How do you get the alcohol out of beer?

Now we know: There are two ways – physical and biological. But which is best?

“Standard brewing is a mix of art and science.” Photograph: iStock

“Standard brewing is a mix of art and science.” Photograph: iStock

 

For those of you who bravely, selflessly, and – let’s not understate it here – heroically take on the role of designated driver on nights out, or even for those of you who don’t drink alcohol at all – you’ll know that choices can be somewhat limited for alcohol-abstaining revellers. Sure, Cidona is delicious, but what about drinks that actually taste like, you know, drink?

Change may be afoot with a growing selection of nonalcoholic drinks that offer an alternative to sugary sodas and bland nonalcoholic bevvies. Drinks like Seedlip, the distilled nonalcoholic spirit blended and beautifully bottled in England, are starting to make a splash in the market. We’ve got home-brewed alternatives such as SynerChi Kombucha, a fermented tea made in Donegal using a brewing process similar to that of beer.

My issue with nonalcoholic beer is that, in my experience, it either tastes like nothing or its brewers have over-compensated with hoppiness - perhaps in an effort to distract the imbiber that there is but a faint whiff of booze in the can. Earlier this year, Guinness introduced their first nonalcoholic lager and named it Pure Brew. I must say, they’ve got the flavour profile just right.

Experimental

But how did they get the alcohol out of beer? “In general, standard brewing is a mix of art and science,” says John Casey, lead brewer at Open Gate, which is Diageo’s experimental brewery at St James’s Gate, Dublin.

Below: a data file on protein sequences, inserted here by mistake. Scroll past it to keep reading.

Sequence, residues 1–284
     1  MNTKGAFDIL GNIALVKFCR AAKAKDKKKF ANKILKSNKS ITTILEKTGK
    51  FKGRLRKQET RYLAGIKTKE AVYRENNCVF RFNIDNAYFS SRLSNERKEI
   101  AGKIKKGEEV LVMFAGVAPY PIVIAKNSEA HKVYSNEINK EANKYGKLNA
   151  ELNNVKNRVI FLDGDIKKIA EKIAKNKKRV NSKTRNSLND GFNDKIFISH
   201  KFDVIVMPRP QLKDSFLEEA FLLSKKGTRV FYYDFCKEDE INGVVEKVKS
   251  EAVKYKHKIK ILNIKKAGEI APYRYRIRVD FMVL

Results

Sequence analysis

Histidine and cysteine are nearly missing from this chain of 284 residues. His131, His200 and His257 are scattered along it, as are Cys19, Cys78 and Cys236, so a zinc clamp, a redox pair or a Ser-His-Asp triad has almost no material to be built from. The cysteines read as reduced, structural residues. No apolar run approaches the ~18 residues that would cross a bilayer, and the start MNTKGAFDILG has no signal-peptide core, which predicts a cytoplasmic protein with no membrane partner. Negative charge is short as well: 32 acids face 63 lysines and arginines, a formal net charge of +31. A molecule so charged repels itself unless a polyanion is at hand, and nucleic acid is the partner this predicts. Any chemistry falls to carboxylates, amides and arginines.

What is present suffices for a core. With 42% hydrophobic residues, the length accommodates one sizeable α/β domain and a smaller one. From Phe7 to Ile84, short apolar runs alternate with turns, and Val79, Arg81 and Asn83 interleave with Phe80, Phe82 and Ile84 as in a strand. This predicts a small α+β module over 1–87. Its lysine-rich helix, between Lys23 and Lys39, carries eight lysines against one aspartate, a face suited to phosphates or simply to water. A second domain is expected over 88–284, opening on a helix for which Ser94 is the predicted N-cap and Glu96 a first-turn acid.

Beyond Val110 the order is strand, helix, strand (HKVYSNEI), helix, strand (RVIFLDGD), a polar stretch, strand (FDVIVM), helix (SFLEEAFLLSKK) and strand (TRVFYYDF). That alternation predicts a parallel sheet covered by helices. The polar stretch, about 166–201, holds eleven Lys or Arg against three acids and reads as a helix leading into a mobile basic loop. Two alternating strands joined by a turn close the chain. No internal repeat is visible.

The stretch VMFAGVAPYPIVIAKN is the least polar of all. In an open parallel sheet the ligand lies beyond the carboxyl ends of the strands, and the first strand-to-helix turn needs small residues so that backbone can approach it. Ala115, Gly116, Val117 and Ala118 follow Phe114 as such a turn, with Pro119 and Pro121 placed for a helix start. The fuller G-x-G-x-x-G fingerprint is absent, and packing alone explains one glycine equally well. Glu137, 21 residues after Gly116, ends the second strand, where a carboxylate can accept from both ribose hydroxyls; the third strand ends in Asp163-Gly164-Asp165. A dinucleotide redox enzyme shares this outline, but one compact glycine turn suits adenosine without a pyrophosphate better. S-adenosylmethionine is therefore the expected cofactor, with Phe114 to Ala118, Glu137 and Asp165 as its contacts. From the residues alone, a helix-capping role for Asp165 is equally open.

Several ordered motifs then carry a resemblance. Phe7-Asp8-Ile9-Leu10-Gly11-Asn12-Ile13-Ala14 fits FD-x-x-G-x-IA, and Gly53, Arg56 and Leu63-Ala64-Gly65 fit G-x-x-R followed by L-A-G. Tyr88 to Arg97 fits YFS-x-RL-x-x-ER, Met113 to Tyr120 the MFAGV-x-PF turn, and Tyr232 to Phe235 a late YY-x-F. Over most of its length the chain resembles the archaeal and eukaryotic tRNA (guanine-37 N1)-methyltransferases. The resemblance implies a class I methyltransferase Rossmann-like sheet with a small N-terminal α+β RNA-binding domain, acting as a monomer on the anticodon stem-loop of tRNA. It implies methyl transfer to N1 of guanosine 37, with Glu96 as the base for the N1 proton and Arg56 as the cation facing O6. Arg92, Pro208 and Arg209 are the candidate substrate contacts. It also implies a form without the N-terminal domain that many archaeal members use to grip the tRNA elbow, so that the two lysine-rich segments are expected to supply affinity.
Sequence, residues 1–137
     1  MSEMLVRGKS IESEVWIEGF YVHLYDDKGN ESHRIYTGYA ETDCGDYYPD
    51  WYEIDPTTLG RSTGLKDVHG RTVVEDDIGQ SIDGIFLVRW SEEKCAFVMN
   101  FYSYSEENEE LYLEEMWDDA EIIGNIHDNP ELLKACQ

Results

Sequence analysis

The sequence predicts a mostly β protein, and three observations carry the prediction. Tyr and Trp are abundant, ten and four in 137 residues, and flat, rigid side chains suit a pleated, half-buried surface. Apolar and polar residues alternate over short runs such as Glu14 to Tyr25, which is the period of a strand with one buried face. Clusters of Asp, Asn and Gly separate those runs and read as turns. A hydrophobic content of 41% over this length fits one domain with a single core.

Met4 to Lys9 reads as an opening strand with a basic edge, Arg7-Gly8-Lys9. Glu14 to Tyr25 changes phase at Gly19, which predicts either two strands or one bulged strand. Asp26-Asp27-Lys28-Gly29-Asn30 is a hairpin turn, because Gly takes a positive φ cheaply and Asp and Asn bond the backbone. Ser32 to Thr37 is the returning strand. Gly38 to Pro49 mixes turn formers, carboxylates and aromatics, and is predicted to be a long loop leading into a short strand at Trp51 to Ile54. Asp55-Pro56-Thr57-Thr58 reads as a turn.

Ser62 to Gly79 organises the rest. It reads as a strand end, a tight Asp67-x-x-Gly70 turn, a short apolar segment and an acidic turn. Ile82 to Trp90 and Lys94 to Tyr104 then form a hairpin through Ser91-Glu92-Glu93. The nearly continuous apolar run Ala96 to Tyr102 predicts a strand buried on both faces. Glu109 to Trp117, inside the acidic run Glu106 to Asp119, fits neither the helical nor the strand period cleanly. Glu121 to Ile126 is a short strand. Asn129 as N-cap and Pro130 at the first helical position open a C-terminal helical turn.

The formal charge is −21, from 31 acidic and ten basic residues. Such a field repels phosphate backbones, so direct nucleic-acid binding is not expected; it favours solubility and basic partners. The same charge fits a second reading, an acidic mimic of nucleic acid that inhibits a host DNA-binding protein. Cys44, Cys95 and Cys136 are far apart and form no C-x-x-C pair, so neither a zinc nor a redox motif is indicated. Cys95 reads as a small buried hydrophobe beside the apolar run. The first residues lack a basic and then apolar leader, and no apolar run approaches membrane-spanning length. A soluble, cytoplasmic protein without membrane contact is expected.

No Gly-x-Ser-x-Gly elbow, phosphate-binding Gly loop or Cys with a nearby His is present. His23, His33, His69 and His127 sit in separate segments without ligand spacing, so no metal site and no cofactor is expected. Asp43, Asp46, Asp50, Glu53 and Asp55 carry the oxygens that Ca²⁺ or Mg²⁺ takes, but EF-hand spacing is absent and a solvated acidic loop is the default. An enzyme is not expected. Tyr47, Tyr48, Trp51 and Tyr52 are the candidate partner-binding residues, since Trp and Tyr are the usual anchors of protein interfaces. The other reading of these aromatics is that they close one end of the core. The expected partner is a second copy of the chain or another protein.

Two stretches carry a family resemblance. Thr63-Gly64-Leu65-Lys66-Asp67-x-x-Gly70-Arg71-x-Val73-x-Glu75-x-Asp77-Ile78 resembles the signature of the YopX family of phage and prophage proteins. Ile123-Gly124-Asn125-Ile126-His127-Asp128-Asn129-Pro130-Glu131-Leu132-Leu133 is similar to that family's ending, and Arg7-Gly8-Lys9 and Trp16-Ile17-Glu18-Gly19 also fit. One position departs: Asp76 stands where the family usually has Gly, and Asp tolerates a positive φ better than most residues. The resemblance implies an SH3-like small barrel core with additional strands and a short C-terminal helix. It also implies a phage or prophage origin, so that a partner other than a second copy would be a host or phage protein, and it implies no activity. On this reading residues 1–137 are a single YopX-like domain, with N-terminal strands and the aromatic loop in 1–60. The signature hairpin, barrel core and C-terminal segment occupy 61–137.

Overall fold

Casey explains that most brewing processes follow a standard flow or path, which includes picking your raw materials, deciding how much sugar to add to feed your yeast and choosing a fermentation time. “Each of those processes will impact the final product. It’s about changing things along that path to get the beer that you want.”

Casey says that, traditionally, there are two ways you can remove the booze from the beer: physical and biological. The physical method relies on technology and methods of removing alcohol such as heat evaporation. But sometimes this method results in some of the classic characteristics of beer getting lost, too – namely flavour. Pure Brew relies more heavily on the biological method, which is a combination of selecting the raw materials and controlling the fermentation process so that their beer is kept below the recommended 0.5%. The result is floral, fruity and crisp, just like a regular lager. Keep it in mind for your next night out or daytime barbecue.

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